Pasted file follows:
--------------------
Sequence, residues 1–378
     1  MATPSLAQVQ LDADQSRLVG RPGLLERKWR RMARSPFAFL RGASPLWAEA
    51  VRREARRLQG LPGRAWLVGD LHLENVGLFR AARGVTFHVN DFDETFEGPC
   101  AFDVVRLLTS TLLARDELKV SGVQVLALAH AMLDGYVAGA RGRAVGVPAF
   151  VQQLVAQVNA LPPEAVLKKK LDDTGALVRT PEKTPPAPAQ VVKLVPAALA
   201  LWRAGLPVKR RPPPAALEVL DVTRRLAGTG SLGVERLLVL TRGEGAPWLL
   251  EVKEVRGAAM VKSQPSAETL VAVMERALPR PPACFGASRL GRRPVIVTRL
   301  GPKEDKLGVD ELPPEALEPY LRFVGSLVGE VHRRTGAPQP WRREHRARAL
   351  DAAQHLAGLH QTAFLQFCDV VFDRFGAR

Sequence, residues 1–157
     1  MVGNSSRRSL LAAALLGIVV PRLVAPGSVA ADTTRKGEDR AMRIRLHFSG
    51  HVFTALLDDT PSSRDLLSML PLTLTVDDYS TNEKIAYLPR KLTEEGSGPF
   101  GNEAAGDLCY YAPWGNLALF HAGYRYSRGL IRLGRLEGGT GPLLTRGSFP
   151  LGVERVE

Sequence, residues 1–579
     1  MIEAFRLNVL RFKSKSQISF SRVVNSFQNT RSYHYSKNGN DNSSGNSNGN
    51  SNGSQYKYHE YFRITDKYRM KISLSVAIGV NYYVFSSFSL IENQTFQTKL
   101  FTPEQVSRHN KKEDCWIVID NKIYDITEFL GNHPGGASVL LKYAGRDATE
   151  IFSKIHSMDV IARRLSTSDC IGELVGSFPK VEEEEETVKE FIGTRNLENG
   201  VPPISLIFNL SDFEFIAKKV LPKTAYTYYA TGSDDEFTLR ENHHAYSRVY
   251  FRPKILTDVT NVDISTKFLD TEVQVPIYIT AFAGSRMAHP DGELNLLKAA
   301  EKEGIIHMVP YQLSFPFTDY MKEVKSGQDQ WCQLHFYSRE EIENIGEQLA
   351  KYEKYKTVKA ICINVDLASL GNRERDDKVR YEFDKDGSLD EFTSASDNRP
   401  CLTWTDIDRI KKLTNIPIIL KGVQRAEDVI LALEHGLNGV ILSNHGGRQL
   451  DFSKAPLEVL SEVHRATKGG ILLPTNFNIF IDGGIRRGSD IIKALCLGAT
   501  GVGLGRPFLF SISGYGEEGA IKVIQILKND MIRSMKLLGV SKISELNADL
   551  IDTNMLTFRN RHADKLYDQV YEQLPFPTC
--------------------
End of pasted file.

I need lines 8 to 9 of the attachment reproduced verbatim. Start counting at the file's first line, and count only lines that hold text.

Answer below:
   301  GPKEDKLGVD ELPPEALEPY LRFVGSLVGE VHRRTGAPQP WRREHRARAL
   351  DAAQHLAGLH QTAFLQFCDV VFDRFGAR